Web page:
Criminal Law Changes in Your Favor
The beginning of a new year always brings a raft of new state laws, including new criminal laws. Most people understand that new criminal laws cannot criminalize past conduct that was lawful when it occurred or impose harsher penalties on crimes that already have occurred. These sorts of retroactive criminal laws are known as ex post facto laws and are constitutionally barred. What about changes in the law that are favorable to criminal defendants? Suppose someone is busted for marijuana possession on December 30, and hypothetically a new law takes effect two days later decriminalizing the possession of marijuana. Does the criminal prosecution go away? What about people who are already convicted and perhaps in jail?
These people are probably out of luck. There is no general right to have the new, more favorable law applied to your situation, although there are some exceptions we will discuss in a moment.
Historically, the common law had two doctrines to deal with new, more favorable criminal laws: abatement and amelioration. Abatement described a new law that decriminalized past conduct, such as in our example of the decriminalization of marijuana possession. Amelioration described when a new law lessened a preexisting punishment, such as reducing the punishment for marijuana possession from a felony to a misdemeanor. Under the doctrines of abatement and amelioration, courts would usually apply newer criminal laws when they were more favorable to the defendant.
Change came not from developments in criminal law specifically but changes in government more generally. As legislatures enacted more statutes, it became more difficult to foresee all the ways the new statutes might affect old statutes. To head off problems, many state legislatures passed what are called “general savings statutes.” These laws provide that courts should not read the enactment of any new statute as altering existing statutes or court judgments unless the new statute expressly says otherwise. Courts in many states interpreted these general savings statutes to eliminate the court-made doctrines of abatement and amelioration, leaving us where we are today with the general rule that even a new, more favorable criminal law does not have retroactive effect. There are exceptions. First, the legislature always can provide otherwise in the new law.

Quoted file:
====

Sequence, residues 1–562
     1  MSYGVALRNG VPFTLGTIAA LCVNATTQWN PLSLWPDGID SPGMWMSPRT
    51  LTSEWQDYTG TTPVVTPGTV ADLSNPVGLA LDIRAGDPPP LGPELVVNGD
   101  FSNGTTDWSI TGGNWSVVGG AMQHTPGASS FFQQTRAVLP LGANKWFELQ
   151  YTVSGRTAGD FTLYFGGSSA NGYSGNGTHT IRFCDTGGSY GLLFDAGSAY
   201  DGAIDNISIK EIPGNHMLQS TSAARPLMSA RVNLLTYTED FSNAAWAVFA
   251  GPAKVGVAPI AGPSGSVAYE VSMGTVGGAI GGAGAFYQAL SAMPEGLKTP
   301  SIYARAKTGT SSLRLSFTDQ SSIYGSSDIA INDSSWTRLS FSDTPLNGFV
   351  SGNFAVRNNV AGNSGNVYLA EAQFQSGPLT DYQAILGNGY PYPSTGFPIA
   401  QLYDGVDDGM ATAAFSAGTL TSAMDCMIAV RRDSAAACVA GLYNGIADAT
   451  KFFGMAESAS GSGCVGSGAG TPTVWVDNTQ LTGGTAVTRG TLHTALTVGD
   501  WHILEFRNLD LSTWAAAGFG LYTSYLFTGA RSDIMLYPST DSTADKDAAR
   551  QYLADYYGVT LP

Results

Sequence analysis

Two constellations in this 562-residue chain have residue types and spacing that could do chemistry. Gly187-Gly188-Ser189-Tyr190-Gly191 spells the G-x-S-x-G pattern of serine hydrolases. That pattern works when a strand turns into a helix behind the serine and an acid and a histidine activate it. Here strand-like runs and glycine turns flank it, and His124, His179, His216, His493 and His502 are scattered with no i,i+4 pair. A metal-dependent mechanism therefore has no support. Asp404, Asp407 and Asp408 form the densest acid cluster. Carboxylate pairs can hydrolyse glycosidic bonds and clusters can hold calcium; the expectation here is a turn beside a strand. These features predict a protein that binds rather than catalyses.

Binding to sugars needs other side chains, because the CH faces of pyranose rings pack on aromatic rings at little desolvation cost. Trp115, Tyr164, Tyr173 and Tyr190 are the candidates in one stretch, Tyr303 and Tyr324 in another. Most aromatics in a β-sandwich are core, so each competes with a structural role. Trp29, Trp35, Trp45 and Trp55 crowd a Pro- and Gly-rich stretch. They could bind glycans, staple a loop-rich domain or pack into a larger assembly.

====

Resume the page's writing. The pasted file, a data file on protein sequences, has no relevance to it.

Second, the general savings statutes say procedural changes in the law are effective immediately. In many cases, the line between a substantive change and a procedural change will be fuzzy. Suppose a new law says a defendant can be charged with marijuana possession only if the defendant is also charged with another crime. Is this new law a change in substance about what the crime of marijuana possession is or a change in procedure about how the state proves the crime? Either outcome is defensible, but for a defendant charged only with marijuana possession when the law takes effect, the answer will determine whether he walks free.
A third exception exists in about ten states, including Illinois. In these states, the general savings statutes eliminate abatement but they leave in place the doctrine of amelioration. For example, Illinois’s general savings statute begins by saying that the enactment of a new statute does not change whether any offenses were committed under a former law. The Illinois statute then continues by saying that if the new law mitigates any punishment under a former law, the defendant can choose to have the new law apply for how the punishment is determined. The Illinois law has an important limitation: it does not apply to persons who were already sentenced.
Persons who already are sentenced need to look to the executive’s power to pardon or commute sentences as well as look to parole boards who similarly would have discretion to consider how new laws might have changed the criminality of or punishment for past conduct. Prosecutors also have discretion whether to bring cases where the law has changed. As I have observed before, not every remedy lies with the judiciary.